This was the Superbowl V version of Electric Football with the Baltimore Colts and the Dallas Cowboys. The version we played featured plastic players that slid into plastic bases. The bases had prongs underneath that a player was supposed to manipulate to enable the football men to move around the vibrating field the way you wanted. I never quite mastered Electric Football. Running backs would spin around in circles, wide receivers would run out of bounds, offensive linemen would attack their own quarterback. There was a foam football the size of a Bayer aspirin, and a left-footed kicker who could never seem to get the ball over the goalpost.

Playing Electric Football should have prepared me for years of frustration as a Cleveland Browns fan.

I’ve been discovering — or rediscovering — that one of the many cool things about being a parent is the chance to re-live your own childhood memories. As we grow older, there are certain chapters in our lives that we close, forget about and move on. We do this not because we need to forget, but because so many other things crowd our lives. I’m glad to have a Christmas where the magic and memory of being a child again can fill an afternoon.

Oh, and in case you’re wondering, my little five year old kicked my tail playing “Operation.”

Advertisements

On a Snowy Presidents’ Day….

Penelope woke up before the sun again this morning. As usual, the first words out of her mouth were: “I’m hungry! I’m hungry!” She hopped into our room as giddy as a spider monkey with a tennis racket much to the sleepy chagrin of Bernadette and I.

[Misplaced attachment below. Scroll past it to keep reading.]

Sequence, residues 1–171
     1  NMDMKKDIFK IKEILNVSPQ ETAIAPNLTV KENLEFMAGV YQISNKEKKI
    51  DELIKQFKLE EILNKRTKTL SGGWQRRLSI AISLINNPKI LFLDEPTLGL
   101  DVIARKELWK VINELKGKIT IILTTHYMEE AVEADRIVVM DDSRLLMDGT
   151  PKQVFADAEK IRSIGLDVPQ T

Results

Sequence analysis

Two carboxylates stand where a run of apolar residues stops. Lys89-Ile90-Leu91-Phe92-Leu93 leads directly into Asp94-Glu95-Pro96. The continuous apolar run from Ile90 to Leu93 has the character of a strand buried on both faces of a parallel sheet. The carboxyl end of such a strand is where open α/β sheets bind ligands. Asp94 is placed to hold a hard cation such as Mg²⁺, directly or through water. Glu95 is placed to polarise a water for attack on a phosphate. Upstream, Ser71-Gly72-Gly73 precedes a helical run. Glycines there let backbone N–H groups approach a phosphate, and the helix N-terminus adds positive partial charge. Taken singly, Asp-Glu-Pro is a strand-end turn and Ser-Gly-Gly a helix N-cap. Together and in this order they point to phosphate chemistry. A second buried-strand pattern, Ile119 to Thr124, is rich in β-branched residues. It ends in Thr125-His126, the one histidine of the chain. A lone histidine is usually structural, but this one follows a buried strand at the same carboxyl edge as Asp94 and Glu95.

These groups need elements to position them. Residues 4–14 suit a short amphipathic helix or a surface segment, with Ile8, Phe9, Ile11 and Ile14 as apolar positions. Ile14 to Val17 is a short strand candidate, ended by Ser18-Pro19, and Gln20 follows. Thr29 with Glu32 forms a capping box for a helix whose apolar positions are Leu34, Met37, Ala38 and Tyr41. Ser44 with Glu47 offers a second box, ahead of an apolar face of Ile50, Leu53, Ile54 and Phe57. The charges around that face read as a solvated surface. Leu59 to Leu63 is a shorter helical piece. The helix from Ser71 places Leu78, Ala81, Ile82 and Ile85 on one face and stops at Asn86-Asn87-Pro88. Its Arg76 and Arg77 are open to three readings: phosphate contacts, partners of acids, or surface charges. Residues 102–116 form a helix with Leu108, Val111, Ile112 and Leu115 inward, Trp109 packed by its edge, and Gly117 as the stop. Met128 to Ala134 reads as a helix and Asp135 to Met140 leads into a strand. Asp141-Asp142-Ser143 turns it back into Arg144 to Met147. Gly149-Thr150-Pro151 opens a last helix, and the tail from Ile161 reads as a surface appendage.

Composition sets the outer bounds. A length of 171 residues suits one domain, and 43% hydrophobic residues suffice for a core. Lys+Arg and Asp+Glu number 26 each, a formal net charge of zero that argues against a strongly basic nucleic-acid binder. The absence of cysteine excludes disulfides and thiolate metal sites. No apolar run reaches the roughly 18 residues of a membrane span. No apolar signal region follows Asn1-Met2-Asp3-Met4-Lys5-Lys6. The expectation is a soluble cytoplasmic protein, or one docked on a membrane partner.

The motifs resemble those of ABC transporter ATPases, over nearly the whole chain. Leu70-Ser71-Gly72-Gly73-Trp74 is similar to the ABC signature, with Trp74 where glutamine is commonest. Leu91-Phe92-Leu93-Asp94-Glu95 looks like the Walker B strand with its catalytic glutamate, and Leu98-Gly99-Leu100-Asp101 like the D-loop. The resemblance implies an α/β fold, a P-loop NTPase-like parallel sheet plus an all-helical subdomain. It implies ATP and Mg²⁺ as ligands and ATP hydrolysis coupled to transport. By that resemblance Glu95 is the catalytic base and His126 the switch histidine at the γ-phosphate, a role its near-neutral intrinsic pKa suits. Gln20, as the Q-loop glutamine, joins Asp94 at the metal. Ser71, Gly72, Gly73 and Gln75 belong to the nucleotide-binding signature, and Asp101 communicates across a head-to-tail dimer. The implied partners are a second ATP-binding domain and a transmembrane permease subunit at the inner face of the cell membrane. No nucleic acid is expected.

In my daze, I told her that in 10 years she is going to want to sleep until noon, and that’s when I am going to start the family tradition of the “Saturday Morning Let’s Vacuum the Upstairs Hallway Party.” She liked the idea. You all are now my witness to that.

I think Presidents’ Day has confused Penelope a bit. When I told her why I wasn’t going to work at the office today, she grew very excited and I could not understand why. Then I realized she thought I had said “Presents Day.” I then told her that we celebrate today because it’s near Abraham Lincoln’s birthday. (That’s the president she knows. Well, she also knows George W. Bush, but thinks his name is “Jackass.”)

Her face lit up like a Christmas tree, and she began clapping and laughing and begging us to take her downstairs. She started babbling a bit, and it took me a few moments to get the gist of her words.

I had to explain to her that Presidents’ Day was different from the last holiday we celebrated. But she understands now that Lincoln did not come to the house last night and leave presents in the library. Although,  when we later clomped down the stairs for breakfast, I saw her cast a hopeful glance through the library doors. Fortunately this little kid bounces back quickly and the promise of a cheese stick and Mickey Mouse revived her spirits.

Maybe today her and I will swing past the local Borders to find a children’s book on Abraham Lincoln. I would imagine such a book exists. Yes? It’s not like I’m seeking “The Adventures of Millard Fillmore.”